‘The Sadness’ Review: Gory, Violent, and Dripping with Social Commentary

User Rating: 9

Greetings from The Underground!

It is no surprise that in today’s world, a pandemic of an infectious disease would show up more in horror films. While most of these films take a more man-eating zombie approach, a few decide to take a different route. The Sadness is one of these. Kat and Jim live together in Taiwan. There is a virus called “Alvin” that has just started to make the rounds. While many people believe it to be a hoax, and some take it more seriously, all are still going about their lives with little concern. The happy couple start their day as normal. Kat goes to work while Jim goes about his morning routine. The severity of the “Alvin” virus escalates quickly and Jim soon finds himself on the run from groups of people who have been turned into red-eyed, sadistic, homicidal maniacs. Meanwhile on a train, Kat has her own encounter with the violent infected. The two are in a fight for survival as they try to make their way back to each other while the city descends further into chaos.

The Sadness is an amazingly effective, delightfully dark, completely gonzo horror extravaganza. Director Rob Jabbaz, who also wrote the film, uses the subject of a fictional pandemic to make a statement about the various public opinions on the current real-life pandemic, the mishandling of a crisis by the powers that be, and the dark side of human nature. There are also plenty of high octane, intense moments filled with an extreme amount of gore and violence. For the first fifteen minutes, we spend time with the happy couple. Regina Lei plays Kat and Berant Zhu plays Jim. These two felt like a real couple thanks to the performance of both and their on-screen chemistry. I enjoy the different journeys these characters take. Lei’s Kat is strong yet vulnerable. She is not self-centered and does what she can to help others while also running from a persistent, infected business man played to creepy perfection by Tzu-Chiang Wang. Zhu’s Jim also shows bravery, but he feels more careless in his actions than Kat. Watching these two change as the story moves along is fascinating.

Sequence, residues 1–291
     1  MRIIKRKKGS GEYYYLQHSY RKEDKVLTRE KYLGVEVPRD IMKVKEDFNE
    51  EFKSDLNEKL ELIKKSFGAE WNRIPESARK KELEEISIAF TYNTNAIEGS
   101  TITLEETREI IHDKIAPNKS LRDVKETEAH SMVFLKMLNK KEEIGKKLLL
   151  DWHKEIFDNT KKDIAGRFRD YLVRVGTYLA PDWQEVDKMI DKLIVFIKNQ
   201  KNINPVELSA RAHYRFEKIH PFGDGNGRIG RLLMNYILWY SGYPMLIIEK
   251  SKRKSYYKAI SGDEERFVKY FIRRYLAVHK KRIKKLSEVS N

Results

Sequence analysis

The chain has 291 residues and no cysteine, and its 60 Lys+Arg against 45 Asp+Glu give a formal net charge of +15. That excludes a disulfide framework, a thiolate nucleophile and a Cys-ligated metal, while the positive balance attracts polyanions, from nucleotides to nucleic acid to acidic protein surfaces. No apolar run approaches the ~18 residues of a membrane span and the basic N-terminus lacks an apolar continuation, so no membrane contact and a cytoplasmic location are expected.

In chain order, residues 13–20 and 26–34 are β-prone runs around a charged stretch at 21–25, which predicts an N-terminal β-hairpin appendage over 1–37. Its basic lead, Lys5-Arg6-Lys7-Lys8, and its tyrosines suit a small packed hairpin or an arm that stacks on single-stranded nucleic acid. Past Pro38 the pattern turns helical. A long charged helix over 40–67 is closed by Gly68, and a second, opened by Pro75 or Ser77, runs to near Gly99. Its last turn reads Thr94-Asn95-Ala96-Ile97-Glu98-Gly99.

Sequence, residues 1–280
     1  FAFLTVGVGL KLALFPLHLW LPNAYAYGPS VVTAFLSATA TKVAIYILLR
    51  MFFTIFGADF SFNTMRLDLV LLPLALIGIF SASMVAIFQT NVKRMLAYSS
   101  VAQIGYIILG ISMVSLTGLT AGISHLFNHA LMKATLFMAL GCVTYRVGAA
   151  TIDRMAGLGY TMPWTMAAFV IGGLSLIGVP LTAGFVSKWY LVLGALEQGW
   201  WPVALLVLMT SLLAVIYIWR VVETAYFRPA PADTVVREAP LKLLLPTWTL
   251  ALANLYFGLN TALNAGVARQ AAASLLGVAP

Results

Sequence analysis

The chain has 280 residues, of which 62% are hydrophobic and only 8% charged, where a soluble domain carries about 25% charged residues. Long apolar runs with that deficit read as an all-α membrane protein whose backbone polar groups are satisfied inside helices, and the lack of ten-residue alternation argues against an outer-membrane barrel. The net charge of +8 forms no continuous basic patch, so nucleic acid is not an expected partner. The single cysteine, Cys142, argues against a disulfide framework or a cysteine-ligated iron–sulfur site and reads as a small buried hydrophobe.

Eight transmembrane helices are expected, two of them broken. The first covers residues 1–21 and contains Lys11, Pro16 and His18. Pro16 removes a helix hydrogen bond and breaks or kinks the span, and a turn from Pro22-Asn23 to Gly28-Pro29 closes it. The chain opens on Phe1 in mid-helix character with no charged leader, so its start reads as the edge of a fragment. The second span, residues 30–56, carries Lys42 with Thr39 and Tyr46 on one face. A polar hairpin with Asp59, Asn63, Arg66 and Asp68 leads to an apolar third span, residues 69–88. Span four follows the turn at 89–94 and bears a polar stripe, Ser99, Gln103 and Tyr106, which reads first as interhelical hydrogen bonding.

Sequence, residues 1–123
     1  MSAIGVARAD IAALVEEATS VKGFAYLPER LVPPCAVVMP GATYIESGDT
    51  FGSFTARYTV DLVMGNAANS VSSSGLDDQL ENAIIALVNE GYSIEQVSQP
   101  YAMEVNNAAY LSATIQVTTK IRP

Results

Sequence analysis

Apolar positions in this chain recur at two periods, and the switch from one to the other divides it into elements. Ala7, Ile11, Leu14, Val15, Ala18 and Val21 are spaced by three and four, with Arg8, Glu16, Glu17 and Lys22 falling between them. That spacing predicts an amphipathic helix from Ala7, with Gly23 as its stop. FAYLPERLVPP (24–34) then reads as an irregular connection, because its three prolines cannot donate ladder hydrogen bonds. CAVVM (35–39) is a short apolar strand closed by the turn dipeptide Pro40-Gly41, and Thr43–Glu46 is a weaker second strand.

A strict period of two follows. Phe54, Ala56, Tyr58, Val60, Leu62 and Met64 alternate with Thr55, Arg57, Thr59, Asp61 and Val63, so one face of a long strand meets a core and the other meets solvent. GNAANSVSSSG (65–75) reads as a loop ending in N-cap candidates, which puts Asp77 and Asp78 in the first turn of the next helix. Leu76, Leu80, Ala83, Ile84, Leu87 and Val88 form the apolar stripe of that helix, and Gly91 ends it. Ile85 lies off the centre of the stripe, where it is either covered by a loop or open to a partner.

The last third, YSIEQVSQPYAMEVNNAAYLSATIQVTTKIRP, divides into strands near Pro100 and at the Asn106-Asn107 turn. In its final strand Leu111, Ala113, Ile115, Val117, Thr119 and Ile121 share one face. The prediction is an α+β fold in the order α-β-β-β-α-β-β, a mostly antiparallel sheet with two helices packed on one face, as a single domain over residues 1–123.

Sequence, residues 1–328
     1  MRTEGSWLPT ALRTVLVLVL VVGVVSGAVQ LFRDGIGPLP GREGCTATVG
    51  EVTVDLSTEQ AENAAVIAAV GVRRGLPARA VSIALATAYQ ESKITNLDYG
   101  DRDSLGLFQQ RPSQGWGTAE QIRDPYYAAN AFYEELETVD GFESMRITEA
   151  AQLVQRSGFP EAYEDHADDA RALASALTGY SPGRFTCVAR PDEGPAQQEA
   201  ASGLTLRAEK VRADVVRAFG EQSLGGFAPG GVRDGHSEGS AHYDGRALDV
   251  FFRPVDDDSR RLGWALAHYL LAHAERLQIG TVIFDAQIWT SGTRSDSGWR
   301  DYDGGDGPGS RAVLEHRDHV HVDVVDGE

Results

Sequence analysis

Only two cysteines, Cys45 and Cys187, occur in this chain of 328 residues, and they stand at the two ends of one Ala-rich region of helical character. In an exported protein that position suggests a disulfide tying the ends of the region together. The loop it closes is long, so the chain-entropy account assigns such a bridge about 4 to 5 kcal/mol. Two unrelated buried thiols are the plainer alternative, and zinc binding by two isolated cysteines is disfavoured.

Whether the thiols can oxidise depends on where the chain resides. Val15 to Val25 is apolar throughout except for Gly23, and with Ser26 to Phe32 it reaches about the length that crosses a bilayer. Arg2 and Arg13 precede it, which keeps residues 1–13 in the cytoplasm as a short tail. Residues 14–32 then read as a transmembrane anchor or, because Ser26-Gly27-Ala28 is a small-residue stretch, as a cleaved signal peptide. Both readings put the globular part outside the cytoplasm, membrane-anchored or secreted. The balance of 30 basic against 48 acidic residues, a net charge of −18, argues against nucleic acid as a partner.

The action scenes in The Sadness are also fascinating. The extensive use of practical effects, combined with great cinematography and the overall high production value add to the effectiveness of the violence. I don’t know how they did some of the scenes in here. One shot involves someone throwing themselves off a balcony three stories up and landing on the pavement below. The camera never moves away from the scene making it even more shocking. Most of the gore effects are handled with a touch of seriousness, but there are also moments of camp, which I think were needed to help give the viewer a chuckle or at least a chance to take a breath before they are tossed back into the blood bath. The fact that the killers are not mindless monsters but instead just humans stripped of any morality or impulse control makes them far more frightening. The ineptitude of the organizations that many put their faith in to handle situations like this also adds to the fear, especially when there have been real-life examples over the past couple of years that lend reality to the scenario.

The Sadness

If you are a horror fan then a lot of the ground The Sadness covers is familiar territory. I found the second half of the film more predictable than the first half. That doesn’t take anything away from it, but it should be noted. I also wish the ending would have been just slightly different. It is amazing how adding one sound effect can change everything.  There is a sexual element that works its way into the story that I didn’t feel was needed but at the same time made sense within the context of the virus.

The Sadness 2021

Small quibbles aside, I found The Sadness to be highly entertaining and one of my favorite horror films of the year. This film will definitely scratch that gore film itch many fans of the genre have been feeling the past few years. You can tell this is a love letter to the extremely violent Asian cinema of the 90s. Director Rob Jabbaz really comes out of the gate swinging with his first feature film and I am very excited to see what he does for his next project. 9 out of 10 stubs. 

The Sadness is in select cinemas now. It comes out May 12th, 2022 on VOD, Itunes, Cineplex on Demand, Shaw VOD, Vimeo On Demand, and starts streaming on Shudder Canada.

The Sadness Poster

Written by
Mark Krawczyk has been reviewing movies since 1993 when he was on the staff for his high school news paper. He is the host for WeLiveFilm's Horror Thursdays and loves all movies, from b-movies to blockbusters. He has a passion for films and loves discussing movies with anyone and everyone.

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